Are LLCs Considered “Securities” under SEC v. W.J. Howey?
If you have an interest in an LLC, it’s prudent to assess whether it might be considered a security subject to the disclosure and registration requirements under the Securities Act of 1933 and the Securities Exchange Act of 1934. The answer is not always crystal clear, but there are guidelines for determining what types of LLC interests are considered securities and exemptions to the reporting requirements. If you’re not clear about how your LLC interest should be classified, it’s important to speak with an experienced securities attorney before you sell the interest.
Apply the Howey Test to The LLC Investment
Federal law defines a security as a transaction where money is invested with the expectation of accruing profits from somebody else’s efforts. The goal of the law is to distinguish money earned through active work from passive investments, but that distinction is not always that clear. To assist in making this determination about whether an LLC interest is a security, the courts apply the test that was developed in the Supreme Court case SEC v. W. J. Howey Co. In this case, the Howey Company sold groves of citrus to buyers that would immediately lease back the land. Howey Company staff would exclusively tend, harvest and sell the citrus without any help from the buyers. The Supreme Court held that the Howey Company should have registered the leaseback arrangement contracts as securities. To come to this conclusion, the court established four criteria, known as “The Howey Test” to determine whether business arrangement constitutes a security:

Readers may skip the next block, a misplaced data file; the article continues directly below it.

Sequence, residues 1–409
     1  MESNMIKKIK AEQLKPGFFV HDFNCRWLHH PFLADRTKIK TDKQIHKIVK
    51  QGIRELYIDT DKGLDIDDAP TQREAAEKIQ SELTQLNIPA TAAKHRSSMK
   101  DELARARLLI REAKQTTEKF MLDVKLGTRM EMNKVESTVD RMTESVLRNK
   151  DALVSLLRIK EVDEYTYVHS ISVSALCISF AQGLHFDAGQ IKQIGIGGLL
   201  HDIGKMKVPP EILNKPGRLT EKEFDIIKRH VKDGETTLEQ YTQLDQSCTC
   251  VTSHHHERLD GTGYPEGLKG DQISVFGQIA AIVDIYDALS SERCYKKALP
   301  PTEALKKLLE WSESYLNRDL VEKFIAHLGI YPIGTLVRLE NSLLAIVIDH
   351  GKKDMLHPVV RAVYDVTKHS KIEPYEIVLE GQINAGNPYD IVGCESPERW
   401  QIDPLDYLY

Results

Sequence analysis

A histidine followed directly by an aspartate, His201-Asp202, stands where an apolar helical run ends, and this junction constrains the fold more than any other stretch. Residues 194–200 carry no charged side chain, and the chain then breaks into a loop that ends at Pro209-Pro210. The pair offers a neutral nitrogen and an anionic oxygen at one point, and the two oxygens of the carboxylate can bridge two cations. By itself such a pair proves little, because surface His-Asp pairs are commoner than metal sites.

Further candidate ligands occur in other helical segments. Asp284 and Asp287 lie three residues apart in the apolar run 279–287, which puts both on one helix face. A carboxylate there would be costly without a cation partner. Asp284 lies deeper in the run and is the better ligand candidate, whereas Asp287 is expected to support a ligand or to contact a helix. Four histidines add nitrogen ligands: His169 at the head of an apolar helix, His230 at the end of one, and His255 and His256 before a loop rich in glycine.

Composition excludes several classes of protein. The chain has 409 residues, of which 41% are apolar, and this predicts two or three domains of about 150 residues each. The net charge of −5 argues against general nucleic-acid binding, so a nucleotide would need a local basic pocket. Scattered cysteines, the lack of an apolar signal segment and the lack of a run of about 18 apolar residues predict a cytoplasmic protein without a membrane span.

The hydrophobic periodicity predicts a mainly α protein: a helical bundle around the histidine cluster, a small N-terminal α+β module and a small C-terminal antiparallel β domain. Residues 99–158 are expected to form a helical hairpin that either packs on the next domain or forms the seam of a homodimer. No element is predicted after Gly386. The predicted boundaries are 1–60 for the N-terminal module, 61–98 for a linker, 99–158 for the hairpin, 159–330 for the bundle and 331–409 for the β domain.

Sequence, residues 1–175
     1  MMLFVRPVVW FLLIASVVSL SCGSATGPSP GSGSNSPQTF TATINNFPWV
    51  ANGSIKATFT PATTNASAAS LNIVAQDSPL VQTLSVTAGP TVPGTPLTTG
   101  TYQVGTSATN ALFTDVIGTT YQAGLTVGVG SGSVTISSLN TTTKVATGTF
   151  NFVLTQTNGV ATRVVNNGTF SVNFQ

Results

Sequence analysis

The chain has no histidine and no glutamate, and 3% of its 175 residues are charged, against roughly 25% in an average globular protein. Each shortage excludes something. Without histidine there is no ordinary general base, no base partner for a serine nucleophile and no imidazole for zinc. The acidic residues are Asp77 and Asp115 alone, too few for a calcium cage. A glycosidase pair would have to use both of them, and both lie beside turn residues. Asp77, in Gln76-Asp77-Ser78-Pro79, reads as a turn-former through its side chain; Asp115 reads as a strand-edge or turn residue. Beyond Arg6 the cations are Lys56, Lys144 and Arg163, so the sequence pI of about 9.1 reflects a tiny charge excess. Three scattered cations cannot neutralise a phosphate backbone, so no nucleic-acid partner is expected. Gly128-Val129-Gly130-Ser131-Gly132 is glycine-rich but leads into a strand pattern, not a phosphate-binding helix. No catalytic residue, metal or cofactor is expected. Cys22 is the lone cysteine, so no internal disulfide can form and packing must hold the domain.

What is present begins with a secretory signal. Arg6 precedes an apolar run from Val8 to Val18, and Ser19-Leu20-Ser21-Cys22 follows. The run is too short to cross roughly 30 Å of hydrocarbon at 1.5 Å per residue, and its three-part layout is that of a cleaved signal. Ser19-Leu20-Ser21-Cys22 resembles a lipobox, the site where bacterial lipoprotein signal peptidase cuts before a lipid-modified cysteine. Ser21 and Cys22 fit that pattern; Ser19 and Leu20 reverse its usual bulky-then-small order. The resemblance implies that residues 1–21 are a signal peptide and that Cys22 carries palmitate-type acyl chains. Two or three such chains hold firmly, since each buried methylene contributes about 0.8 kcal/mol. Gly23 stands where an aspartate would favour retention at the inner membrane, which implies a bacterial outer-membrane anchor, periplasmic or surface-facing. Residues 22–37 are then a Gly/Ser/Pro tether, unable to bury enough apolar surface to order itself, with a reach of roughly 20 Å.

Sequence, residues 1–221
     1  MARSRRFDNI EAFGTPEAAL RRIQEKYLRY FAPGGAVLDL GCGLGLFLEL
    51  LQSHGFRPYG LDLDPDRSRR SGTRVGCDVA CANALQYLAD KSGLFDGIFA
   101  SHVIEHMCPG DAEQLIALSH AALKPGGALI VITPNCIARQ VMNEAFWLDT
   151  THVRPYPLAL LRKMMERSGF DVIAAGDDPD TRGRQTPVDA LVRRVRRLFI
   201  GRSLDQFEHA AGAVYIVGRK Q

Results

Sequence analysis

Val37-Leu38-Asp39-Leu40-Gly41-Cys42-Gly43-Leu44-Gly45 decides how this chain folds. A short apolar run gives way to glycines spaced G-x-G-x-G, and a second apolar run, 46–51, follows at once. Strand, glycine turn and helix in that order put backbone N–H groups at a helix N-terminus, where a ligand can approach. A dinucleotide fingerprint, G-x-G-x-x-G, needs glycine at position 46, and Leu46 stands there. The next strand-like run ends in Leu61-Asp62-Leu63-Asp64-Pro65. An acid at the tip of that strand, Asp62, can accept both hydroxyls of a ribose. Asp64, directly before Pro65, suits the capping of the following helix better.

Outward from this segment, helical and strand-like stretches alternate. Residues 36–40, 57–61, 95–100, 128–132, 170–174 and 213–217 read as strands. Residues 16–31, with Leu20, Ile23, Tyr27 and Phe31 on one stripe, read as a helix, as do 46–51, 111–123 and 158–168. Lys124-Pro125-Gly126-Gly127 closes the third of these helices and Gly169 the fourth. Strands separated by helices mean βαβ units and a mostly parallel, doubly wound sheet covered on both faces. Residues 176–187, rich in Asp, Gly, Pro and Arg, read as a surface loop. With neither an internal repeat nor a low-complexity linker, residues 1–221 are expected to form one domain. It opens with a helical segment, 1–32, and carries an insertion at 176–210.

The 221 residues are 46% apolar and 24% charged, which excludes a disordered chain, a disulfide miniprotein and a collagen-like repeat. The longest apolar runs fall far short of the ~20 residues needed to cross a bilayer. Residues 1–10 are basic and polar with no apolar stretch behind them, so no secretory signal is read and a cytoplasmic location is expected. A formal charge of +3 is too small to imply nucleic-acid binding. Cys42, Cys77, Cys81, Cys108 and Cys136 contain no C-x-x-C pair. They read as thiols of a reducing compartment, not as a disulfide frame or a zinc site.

- An investment of money;
- In a common enterprise;
- With the expectation of profit
- To be derived from the efforts of others.
In Howey, the buyers only invested capital and had no active role in the production of the fruit, not even in an advisory capacity, as they had no experience whatsoever in the industry. Applying the Howie test, you’re interest in an LLC is likely to be considered a security if you have invested nothing but money in the business.